A Honduran man, distraught after being separated from his wife and child after crossing the United States-Mexico border, committed suicide in a Texas jail cell, according to Border Patrol agents and a sheriff’s incident report.
Marco Antonio Muñoz, 39, was found unresponsive in a padded cell on May 13, two days after U.S. Customs and Border Protection (CBP) agents detained him for crossing the border, according to Starr County Sheriff’s records obtained by The Washington Post.
According to an incident report obtained by The Associated Press, Muñoz became combative during his booking process. He was placed in the cell and monitored every 30 minutes. But on the morning of May 13, Muñoz was reportedly found with a sweater wrapped around his neck.
Muñoz, his wife and 3-year-old son entered the U.S. on May 12 at Granjeno, Texas, according to CBP agents who spoke to The Post. Upon detention, Muñoz said he wanted to apply for asylum. But Muñoz became distressed when he learned that he would be separated from his family.
"The guy lost his shit," a CBP agent told The Post. "They had to use physical force to take the child out of his hands."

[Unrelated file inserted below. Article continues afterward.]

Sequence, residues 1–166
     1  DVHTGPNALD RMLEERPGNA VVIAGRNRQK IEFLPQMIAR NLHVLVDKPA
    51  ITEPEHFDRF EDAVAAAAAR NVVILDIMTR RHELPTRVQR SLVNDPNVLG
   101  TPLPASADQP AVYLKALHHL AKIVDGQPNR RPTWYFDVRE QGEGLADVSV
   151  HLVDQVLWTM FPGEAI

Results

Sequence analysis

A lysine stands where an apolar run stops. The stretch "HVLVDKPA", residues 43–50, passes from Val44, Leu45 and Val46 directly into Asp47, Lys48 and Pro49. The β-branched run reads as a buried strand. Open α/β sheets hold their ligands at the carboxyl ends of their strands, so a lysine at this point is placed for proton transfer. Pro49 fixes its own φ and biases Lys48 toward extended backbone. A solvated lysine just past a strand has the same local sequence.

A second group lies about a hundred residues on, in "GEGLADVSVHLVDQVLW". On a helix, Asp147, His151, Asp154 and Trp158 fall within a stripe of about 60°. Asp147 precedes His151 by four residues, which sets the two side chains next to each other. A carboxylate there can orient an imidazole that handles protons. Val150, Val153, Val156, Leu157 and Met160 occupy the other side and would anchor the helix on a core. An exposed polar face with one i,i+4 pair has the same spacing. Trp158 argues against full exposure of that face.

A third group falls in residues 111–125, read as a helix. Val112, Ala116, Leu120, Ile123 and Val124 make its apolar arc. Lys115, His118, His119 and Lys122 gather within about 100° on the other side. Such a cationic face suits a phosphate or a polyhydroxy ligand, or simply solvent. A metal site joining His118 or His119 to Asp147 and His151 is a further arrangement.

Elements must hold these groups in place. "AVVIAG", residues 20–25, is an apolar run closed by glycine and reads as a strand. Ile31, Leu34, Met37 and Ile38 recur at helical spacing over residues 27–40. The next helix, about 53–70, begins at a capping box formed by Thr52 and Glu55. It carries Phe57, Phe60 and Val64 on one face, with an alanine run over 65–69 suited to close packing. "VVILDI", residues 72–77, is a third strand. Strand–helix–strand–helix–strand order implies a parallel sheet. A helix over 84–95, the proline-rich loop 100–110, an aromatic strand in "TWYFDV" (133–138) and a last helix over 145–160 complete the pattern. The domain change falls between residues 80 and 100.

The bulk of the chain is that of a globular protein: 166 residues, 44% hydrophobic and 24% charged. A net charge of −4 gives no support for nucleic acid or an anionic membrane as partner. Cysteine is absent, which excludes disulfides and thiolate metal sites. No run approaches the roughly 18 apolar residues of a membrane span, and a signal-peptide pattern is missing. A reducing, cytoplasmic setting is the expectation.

Muñoz was placed in the Starr County Jail in Rio Grande City, which offered a more secure detention setting than the CBP processing station at McAllen, Texas. The following morning, a guard found Muñoz unresponsive in the center of his cell, a small pool of blood next to his nose.
Muñoz’s death comes amid an increase in Central American arrivals at the border—more than 50,000 immigrants were detained at the U.S.-Mexico border in May—and tightening immigration restrictions highlighted by the Trump administration’s "zero tolerance" policy, which separates families at the border and issues criminal charges against parents, including asylum seekers.
Last week, a senior government official told Reuters that nearly 1,800 immigrant families were separated at the border between October 2016 and February 2017. The Trump administration official said that separations had increased sharply since implementation of the zero tolerance policy in early May.